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By MIG: Leek Post and Times  |  Posted: August 08, 2013

The canal basin in Leek

Comments (0) FOLLOWING a national report earlier this year stating that 60% of more than 3,000 animal and plant species have declined in the UK in the past 50 years, the Canal & River Trust has launched Great Nature Watch – a campaign to get members of the public in Leek to help protect hundreds of miles of waterway habitats.


The old industrial routes of canals and inland waterways such as the Trent & Mersey and Caldon Canals have become a unique corridor for wildlife, providing essential shelter, food and breeding grounds.

The habitats they provide are helping to support many of the country’s most valuable, yet threatened wildlife species such as kingfishers, butterflies, water voles and dragonflies.

With the State of Nature Report highlighting that ‘freshwater and wetland habitats occupy just 3% of the UK’s surface but support around 10% of our species’, the Trust is asking residents and visitors to the canals and rivers for help to map its waterside habitats to ensure they remain a thriving place for hundreds of animal and plant species.

By using a free app called enaturewatch, or online via the Trust’s website, visitors will be asked a series of questions which will help paint the picture of a cross section of canal or river habitat being surveyed.

Richard Bennett, senior ecologist for the Canal & River Trust, says: “Our ultimate aim is to ensure there are plenty of habitats for wildlife to move up and down our waterway corridors, through city centres, as well as remote parts of the countryside. We’re hoping Great Nature Watch can support the great environmental progress we’ve made over the years. People power can make a big difference so we hope visitors to our canals or rivers will get round as much of our waterway network in Leek as possible and help create a ‘living map’.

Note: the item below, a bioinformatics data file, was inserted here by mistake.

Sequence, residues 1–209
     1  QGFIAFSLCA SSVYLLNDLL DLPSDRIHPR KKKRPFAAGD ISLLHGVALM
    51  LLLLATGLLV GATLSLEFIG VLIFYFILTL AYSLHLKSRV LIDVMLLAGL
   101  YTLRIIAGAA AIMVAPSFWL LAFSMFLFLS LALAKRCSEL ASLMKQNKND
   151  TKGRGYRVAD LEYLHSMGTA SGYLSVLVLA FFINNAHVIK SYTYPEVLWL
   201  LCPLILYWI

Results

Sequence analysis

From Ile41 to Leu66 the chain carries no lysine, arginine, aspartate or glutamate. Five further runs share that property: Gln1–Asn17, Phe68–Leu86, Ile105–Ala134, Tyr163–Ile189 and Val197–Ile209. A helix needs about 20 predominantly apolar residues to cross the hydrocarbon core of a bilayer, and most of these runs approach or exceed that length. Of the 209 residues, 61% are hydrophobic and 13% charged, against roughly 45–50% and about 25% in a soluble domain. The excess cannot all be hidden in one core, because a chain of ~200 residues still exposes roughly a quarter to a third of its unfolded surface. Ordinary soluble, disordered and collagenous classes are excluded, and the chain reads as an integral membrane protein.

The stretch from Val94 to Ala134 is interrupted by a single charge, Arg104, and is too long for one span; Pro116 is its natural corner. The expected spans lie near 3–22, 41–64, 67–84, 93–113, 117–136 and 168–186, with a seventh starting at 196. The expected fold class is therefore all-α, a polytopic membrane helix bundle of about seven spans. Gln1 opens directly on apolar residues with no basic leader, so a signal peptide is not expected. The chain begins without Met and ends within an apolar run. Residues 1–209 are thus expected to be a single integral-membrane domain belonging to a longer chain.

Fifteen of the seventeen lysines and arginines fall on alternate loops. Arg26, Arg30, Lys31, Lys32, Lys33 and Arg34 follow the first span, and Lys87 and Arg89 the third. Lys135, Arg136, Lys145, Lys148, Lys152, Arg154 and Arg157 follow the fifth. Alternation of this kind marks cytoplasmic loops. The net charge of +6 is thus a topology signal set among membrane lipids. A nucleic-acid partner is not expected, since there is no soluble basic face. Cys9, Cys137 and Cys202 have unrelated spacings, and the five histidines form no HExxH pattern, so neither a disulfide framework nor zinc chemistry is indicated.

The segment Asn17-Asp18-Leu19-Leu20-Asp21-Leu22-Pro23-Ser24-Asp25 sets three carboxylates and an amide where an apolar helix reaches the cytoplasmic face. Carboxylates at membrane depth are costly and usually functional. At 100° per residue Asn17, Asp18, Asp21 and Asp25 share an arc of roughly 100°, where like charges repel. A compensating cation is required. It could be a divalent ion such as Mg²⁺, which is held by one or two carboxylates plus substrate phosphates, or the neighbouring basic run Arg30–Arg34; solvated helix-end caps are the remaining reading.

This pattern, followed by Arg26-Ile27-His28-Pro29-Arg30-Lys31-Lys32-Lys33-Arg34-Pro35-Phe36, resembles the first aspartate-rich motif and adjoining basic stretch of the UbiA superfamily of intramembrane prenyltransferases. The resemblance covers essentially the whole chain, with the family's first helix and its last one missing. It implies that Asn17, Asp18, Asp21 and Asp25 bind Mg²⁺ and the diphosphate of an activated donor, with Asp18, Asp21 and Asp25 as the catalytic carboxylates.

“The countryside has been fragmented over the last 50 years with increasing urban environments. Our waterway corridors are unique and we need to do all we can to keep them this way as we’re seeing so many species struggling for survival. To do this, it’s vital that we continue to learn more about the state and health of our habitats so that we can help them flourish through our ecology work.”

Whilst out on the towpath, budding environment enthusiasts and families will be able to learn about what they see through a ‘spotter’s guide’, a section of the app designed to teach people about the wildlife, plants and trees that can be found on the towpath.

The free enaturewatch app is available on IOS and android platforms. For more information on Great Nature Watch please visit www.canalrivertrust.org.uk/great_nature_watch.

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